I guess what I'm trying to say is that I shouldn't read two books at once. If one doesn't dominate my attention, they both cancel each other out and I switch media. Also, watch The Good, the Bad and the Ugly and Once Upon a Time in the West if you haven't already seen them. I politely insist.

Your best friend,
Carlos "Clint 'The Good' Eastwood" Alderete

Tuesday, July 21, 2009

Obama and Buttromping in one sweet blog

Before I attack, I'd first like to say that Obama is pretty much a swell guy. I voted for him and forced my aloof girlfriend to vote for him too. My friend (whom I won't name so he won't have a fifteenth "tag" on my blog. Burn, Roger...D'OH!) and I went to his inauguration.* We weren't in fancy evening gowns or long white gloves, although Roger's "White Diamonds" perfume and pendulum earrings were enchanting. We borrowed a car and drove day and night to get there. We stayed in a stranger's home (thank you, craiglist. Hi, Geeta!), and we really only had money for gasoline. That was excessive, I'd say, but that being said, am I just as crazy as this person? Click for a close up.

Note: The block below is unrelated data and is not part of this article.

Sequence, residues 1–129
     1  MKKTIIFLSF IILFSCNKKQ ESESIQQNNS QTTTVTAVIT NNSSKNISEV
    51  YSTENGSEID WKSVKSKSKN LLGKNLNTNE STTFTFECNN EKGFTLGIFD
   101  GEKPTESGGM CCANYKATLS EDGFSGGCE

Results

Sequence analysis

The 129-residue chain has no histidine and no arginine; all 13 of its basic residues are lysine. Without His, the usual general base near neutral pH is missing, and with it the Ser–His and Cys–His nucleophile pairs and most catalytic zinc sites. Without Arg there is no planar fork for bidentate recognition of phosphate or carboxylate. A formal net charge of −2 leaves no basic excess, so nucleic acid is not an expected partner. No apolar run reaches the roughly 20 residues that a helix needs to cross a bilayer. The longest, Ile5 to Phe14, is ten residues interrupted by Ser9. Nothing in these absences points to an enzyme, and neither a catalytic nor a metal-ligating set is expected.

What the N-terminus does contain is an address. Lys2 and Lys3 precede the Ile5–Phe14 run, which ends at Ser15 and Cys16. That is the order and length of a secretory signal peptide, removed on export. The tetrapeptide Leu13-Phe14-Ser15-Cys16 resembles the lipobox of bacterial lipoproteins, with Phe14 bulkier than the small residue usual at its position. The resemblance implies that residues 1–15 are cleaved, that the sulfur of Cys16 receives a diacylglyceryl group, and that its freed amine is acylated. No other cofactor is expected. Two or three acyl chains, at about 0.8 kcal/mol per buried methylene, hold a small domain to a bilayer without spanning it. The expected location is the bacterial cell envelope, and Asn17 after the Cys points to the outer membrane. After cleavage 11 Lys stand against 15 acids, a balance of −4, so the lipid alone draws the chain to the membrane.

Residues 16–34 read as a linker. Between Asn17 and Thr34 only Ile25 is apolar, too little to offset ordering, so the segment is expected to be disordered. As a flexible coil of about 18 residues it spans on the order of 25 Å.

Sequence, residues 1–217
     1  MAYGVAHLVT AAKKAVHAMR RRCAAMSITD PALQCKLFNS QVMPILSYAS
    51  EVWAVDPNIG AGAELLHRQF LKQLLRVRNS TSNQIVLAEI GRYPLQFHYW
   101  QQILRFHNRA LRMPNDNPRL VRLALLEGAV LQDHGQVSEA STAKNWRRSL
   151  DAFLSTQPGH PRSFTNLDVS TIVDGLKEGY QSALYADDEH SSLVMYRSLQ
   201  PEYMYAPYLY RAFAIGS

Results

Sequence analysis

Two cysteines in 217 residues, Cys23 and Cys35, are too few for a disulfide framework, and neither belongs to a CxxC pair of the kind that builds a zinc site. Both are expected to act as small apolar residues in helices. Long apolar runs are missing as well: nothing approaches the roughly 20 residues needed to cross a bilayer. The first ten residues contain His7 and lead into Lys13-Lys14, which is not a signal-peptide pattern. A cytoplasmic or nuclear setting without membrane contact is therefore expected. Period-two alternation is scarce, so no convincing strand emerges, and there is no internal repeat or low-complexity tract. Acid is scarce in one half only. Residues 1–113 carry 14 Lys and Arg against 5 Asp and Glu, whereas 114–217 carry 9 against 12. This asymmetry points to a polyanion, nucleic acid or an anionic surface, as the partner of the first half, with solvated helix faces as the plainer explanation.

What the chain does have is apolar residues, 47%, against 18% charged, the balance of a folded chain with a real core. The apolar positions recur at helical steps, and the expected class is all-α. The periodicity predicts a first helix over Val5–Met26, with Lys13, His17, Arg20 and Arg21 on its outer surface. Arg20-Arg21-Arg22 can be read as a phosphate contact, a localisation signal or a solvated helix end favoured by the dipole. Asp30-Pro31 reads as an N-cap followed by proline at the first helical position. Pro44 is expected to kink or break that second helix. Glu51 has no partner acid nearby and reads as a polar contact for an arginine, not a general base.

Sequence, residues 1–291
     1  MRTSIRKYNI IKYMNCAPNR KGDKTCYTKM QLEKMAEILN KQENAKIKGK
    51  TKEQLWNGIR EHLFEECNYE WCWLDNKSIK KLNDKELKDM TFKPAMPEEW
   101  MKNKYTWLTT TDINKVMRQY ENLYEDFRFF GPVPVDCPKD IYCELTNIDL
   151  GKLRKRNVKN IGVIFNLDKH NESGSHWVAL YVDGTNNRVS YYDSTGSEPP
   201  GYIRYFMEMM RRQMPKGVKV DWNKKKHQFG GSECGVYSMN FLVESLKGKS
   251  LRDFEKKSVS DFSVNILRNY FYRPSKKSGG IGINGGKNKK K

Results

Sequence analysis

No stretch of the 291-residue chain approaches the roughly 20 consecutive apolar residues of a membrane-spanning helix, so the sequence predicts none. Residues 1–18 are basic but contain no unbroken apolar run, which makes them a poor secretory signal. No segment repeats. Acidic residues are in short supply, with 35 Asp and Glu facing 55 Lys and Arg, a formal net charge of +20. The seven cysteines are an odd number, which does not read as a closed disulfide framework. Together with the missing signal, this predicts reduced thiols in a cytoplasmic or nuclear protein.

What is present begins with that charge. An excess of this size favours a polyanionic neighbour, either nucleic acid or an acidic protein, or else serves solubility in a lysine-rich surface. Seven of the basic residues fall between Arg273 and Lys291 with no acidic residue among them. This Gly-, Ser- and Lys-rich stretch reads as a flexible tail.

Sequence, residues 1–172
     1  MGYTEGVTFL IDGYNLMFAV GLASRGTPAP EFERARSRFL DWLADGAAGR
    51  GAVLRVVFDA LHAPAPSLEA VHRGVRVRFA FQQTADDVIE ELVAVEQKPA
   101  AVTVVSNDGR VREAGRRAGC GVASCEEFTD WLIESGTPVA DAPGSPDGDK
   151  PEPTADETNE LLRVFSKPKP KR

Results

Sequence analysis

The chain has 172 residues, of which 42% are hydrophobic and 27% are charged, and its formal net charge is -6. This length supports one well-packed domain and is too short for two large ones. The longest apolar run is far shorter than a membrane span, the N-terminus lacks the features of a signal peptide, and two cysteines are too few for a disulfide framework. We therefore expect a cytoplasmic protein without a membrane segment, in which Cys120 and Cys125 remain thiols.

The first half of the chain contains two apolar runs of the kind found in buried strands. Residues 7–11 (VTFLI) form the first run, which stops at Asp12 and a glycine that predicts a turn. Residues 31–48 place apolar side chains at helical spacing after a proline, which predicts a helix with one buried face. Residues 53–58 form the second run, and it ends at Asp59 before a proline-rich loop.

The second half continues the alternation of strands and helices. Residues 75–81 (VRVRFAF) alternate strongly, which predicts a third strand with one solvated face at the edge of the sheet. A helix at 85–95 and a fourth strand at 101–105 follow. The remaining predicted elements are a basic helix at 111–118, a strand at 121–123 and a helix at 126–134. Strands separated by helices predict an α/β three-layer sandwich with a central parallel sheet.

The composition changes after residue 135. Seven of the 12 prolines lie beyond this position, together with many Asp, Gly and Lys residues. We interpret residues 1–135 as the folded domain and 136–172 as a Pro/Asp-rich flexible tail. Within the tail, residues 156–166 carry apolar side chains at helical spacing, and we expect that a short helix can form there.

I hope not. This is someone trying to show their support but fucking it up.** It's bandwagon mentality gone awry. It's Rachel Maddow and Keith Olberman's smug fanaticism. It's Sean Hannity, Bill O'Reilly, and Rush Limbaugh making love in a Georgia roadside motel.***
I don't know why morons irritate me so. The person driving this car is obviously in relative agreement with my political beliefs, but I'd rather not have him on my side. To be fair, I did speed to 75mph, cautiously changed "shooting modes" on my camera, and greedily snapped several pictures with the intention of making fun of the owner on this blog, for you. But that was for you, and if you have an Obama vehicle alteration, tattoo, haircut, or if you now say "look" each time you're about to make a long-winded point, you're an asshole, but you're reading my blog, so you're my asshole, and I love you dearly.

*Click here if you care to read the inauguration postings or see how unfortunate Roger's face is.

**I apologize for the word configuration but "but fucking" is not butt fucking, so grow up.

***Butt fucking.

Sunday, July 19, 2009

Austin, a Pictorial

Folks, I had a rough weekend. Not the fun kind of rough weekend either. It was emotional and draining, and I spent it utterly alone so that I wouldn't have to fake a smile for anyone. That being said, I chose a picture that best fits my current disposition. The mockingbird is Texas' state bird, and I've wanted to snap a photo of a living one for quite some time; however, since they're as elusive as a goddamned Yeti, I can't ever get my camera out fast enough. So here's a putrid juvenile. Click for a close up.